It is finally over.
According to the calendar of the National Hurricane Center, November 30 marks the official end of the Atlantic Hurricane Season, which spawned 17 named storm.
Here in the Caribbean, September was particularly brutal with the passage of two Category 5 monsters, Irma and Maria, which left an unprecedented path of death and destruction.
Countries such as Anguilla, the British Virgin Islands, Dominica, Puerto Rico, St. Barts, St. Maarten/Martin and the U.S. Virgin Islands all took direct hits and will take years to recover.
The World Bank said damages and losses, in the wake of Hurricane Maria, in Dominica amount to US$1.3-billion or 224 percent of GDP.
Read more at: Dominica News Online
The Caribbean needs help from the international community now more than ever, as it seeks to build resilience to changing weather patterns and the impact on its economies, Commonwealth Secretary General, Baroness Patricia Scotland has said.
Delivering the 42nd annual Sir Winston Scott Memorial lecture at the Frank Collymore Hall last night on the topic: Responsiveness, Resilience and Regeneration: Building on Commonwealth advantage for good governance, prosperity and progress, Baroness Scotland noted that the region had suffered “some unprecedented climatic assaults” this year.
She warned that the existential threat of climate change could no longer be ignored, given the level of devastation wrought on the region by Hurricanes Irma and Maria.
“Last year the London School of Economics estimated that climate change could eliminate US$2.5 trillion of the globe’s financial assets. And that was an assessment made before this summer. And I really wonder whether that would be an upward projection in the future,” she said.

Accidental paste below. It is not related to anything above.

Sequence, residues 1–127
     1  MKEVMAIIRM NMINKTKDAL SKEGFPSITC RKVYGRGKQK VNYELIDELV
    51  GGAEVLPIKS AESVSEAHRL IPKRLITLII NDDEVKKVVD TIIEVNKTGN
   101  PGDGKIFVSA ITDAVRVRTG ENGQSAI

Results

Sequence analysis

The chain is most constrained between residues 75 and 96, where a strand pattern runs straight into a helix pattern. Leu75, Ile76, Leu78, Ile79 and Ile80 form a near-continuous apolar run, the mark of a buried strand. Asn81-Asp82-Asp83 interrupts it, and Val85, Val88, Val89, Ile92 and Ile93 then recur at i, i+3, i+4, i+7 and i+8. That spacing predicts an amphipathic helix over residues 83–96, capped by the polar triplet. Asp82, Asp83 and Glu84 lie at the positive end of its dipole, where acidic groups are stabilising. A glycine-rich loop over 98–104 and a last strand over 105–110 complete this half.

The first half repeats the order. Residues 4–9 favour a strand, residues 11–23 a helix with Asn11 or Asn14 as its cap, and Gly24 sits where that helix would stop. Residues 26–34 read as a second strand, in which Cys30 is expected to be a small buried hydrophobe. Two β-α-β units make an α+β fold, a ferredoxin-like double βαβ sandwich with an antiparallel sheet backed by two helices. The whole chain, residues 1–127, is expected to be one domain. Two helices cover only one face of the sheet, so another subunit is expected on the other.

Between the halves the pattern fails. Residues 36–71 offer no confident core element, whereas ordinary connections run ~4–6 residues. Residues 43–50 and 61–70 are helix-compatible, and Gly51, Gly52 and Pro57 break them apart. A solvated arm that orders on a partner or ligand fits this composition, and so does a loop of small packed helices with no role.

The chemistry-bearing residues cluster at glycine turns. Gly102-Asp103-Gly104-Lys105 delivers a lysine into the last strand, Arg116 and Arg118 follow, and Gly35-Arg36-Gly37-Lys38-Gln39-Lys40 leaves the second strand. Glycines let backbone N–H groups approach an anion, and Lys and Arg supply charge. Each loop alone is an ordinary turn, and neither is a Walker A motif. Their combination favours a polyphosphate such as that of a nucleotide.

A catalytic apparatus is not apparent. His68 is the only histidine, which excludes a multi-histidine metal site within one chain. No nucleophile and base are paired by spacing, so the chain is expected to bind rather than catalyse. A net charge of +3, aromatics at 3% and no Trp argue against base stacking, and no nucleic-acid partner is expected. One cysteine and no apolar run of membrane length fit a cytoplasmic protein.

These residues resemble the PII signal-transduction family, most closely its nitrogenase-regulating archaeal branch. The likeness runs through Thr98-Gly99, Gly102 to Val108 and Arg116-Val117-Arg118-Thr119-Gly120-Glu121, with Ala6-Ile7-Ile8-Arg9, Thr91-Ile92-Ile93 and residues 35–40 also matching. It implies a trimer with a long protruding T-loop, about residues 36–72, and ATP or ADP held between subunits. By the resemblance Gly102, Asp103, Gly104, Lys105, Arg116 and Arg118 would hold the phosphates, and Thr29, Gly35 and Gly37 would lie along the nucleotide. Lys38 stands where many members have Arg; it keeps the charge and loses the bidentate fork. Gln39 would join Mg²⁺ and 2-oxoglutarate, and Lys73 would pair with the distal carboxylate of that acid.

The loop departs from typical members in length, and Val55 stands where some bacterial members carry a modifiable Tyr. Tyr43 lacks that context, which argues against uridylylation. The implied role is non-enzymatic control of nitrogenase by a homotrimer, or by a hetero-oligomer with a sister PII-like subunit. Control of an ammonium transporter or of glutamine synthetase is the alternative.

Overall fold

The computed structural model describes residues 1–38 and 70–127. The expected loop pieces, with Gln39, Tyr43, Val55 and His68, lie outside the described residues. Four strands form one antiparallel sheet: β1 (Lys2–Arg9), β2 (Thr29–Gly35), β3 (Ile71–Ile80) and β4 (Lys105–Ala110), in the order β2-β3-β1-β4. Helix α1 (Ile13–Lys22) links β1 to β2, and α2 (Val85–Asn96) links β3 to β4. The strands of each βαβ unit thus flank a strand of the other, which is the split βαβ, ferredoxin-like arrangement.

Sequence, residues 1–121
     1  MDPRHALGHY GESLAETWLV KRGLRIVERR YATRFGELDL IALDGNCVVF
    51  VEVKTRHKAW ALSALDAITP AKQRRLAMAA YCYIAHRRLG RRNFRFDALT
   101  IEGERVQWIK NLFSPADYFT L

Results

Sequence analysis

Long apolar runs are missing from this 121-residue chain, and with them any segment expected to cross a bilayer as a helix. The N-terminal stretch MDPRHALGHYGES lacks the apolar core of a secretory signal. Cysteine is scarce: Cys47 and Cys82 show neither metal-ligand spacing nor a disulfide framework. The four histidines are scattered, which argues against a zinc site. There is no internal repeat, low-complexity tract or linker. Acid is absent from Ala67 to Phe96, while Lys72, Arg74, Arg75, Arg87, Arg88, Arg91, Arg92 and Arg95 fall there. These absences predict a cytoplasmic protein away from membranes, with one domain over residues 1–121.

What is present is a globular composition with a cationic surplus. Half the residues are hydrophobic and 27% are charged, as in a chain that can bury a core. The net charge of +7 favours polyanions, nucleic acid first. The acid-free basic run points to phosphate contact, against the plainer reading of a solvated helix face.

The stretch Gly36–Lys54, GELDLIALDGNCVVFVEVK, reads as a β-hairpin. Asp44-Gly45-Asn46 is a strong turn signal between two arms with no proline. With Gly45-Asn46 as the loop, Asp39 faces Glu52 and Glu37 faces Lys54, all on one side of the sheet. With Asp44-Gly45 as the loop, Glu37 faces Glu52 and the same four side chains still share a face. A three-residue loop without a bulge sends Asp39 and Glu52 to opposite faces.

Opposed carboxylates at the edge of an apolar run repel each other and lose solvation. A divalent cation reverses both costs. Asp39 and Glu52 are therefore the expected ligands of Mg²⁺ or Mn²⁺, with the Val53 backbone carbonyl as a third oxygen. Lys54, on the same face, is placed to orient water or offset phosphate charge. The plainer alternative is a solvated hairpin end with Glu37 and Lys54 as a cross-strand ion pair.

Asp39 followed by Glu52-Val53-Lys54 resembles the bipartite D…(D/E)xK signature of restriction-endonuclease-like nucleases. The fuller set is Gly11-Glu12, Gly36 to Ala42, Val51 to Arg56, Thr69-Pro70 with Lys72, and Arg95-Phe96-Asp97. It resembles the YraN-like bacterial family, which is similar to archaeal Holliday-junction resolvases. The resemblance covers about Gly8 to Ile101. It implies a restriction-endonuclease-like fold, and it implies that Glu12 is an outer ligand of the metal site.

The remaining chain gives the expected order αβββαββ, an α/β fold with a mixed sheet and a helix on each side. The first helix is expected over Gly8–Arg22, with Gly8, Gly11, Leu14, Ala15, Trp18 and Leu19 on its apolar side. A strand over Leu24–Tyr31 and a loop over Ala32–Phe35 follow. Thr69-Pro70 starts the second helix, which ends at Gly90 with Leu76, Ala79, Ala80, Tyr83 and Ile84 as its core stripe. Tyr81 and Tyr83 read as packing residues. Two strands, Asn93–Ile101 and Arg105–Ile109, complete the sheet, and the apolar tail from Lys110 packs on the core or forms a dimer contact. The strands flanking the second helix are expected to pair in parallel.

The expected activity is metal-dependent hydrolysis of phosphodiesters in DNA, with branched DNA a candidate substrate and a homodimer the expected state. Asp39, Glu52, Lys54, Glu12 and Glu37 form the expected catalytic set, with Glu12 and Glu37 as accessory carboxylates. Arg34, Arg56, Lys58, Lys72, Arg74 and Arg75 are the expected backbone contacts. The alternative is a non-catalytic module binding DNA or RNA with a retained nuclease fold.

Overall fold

Read more at: Barbados Today
The Caribbean Community (CARICOM) is mobilising resources to support reconstruction of hurricane-ravaged Member States to build back smarter and better, against the existential threat of climate change.
Secretary-General of CARICOM, Ambassador Irwin LaRocque, said that intention was in “full knowledge that we are into a new era,” when hurricanes had now become “game changers.”
He was at the time speaking at the opening of Technical Consultations at the CARICOM-UN High Level Pledging Conference, earlier this morning (20 November) at the United Nations Headquarters in New York.
— PNUDLAC (@PNUDLAC) November 20, 2017
The CARICOM-UN High Level Pledging Conference is to mobilise national governments, regional organisations, international development partners, private sector, and civil society to support the construction of what can become the world’s first hurricane-resilient countries.
“I call on developed countries to help SIDS help themselves. We cannot wait till 2020 to see finance to deal with the emergency situations, build resilience in our countries as far as possible, and the loss and damage that is already occurring.
“Our people have proven to be and will continue to be resilient. But here, on the international level, I say to you: all it takes is a pen; a pen to create the policies to prioritise the resources; a pen to change the protocols used to disperse funds; a pen to change macroeconomic targets, realising that we cannot invest in resilience without putting our counties into deeper economic volatility. This means that the frameworks we have under this process must be sensitive to the urgent needs of SIDS … and not simply wrapped up in bureaucracy.” – Prime Minister of Saint Lucia, the Jon. Allen Chastanet, Lead Head of Government in the CARICOM Quasi Cabinet with responsibility for Sustainable Development, including the Environment and Disaster Management and Water, at COP 23